Nine high schools in the Atlanta Public Schools district, including Buckhead’s North Atlanta, were named Advanced Placement (AP) Honor Schools by the Georgia Department of Education when it released its list Feb. 6. Statewide, 255 schools were honored.
Based on how schools’ students fared on AP exams, the department started recognizing AP Honor Schools in 2008. The honor began with three categories: AP Access and Support Schools, AP Challenge Schools and AP Merit Schools. The AP STEM (science, technology, engineering and math) and AP STEM Achievement categories were added in 2011, and the AP Humanities category debuted in 2015.
This year two new categories were added: AP Humanities Achievement and AP Expansion Schools. The AP Merit Schools category was renamed AP Schools of Distinction.
North Atlanta was honored in the AP Humanities, AP STEM and AP STEM Achievement categories. Other schools lauded were Coretta Scott King Young Women’s Leadership Academy (AP Challenge), Drew Charter (AP Access and Support, AP Expansion, AP Humanities, AP Challenge and AP STEM), Grady (AP Schools of Distinction, AP Humanities, AP Humanities Achievement, AP STEM and AP STEM Achievement), Maynard Jackson (AP STEM), KIPP Atlanta Collegiate (AP Challenge and AP STEM), Mays (AP STEM),Therrell (AP Expansion and AP Challenge) and Washington (AP Challenge).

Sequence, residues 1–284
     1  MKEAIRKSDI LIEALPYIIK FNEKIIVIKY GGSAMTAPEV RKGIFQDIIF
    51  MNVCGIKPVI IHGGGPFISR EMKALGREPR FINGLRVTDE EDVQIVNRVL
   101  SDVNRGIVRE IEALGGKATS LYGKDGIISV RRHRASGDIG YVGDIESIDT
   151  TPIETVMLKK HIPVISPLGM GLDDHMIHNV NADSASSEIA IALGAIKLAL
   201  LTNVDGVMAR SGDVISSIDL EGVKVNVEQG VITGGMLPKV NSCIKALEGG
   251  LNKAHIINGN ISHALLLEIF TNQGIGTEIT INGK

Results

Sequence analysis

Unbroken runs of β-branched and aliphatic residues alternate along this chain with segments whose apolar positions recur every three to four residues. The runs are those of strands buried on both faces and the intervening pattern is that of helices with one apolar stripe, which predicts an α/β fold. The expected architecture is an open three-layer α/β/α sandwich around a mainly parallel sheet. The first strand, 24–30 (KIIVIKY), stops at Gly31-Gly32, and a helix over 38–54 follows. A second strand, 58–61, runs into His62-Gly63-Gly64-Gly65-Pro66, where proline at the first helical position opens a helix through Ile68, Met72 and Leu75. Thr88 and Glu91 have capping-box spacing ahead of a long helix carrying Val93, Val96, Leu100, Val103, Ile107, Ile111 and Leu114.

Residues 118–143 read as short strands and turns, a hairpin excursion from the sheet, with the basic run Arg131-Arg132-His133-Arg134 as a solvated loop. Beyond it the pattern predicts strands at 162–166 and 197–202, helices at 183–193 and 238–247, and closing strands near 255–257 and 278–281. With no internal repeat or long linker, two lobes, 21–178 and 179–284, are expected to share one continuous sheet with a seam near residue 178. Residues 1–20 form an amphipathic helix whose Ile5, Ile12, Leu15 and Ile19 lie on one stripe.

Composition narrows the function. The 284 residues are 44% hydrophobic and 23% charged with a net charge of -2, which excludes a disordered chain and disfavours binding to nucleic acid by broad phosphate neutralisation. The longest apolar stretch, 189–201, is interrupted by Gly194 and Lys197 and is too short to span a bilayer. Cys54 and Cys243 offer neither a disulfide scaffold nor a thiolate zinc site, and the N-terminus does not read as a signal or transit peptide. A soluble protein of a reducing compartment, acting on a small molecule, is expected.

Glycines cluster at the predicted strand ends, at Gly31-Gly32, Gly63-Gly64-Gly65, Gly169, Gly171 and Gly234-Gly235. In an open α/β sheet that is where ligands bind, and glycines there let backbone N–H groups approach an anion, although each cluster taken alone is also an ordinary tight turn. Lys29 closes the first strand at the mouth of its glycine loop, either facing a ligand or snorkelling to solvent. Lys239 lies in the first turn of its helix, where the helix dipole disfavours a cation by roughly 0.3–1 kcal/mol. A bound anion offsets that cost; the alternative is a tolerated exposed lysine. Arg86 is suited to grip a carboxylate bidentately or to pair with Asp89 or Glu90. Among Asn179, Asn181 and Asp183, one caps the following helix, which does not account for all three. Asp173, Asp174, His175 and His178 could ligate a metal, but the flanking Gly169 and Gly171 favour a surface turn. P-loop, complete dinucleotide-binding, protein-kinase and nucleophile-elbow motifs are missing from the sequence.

On the statewide level, Georgia’s public-school class of 2019 has the 17th-highest AP pass rate in the country, according to data released by the College Board.
In Georgia, the percentage of class of 2019 public-school students earning a 3 or higher (considered “qualified” to exempt a college course) on an AP exam held steady at 23.2%. The state’s students recorded stronger AP performance than most Southern states, scoring higher than their peers in Texas, North Carolina, South Carolina, Kentucky, Arkansas, Alabama, Tennessee, West Virginia, Louisiana and Mississippi.
The percentage of low-income AP test-takers who scored 3 or higher increased in Georgia, from 43.0% in 2018 to 43.7% last year. This figure is based on the performance of students who used an AP exam fee reduction, which states look to as a marker of equitable participation for low-income students.
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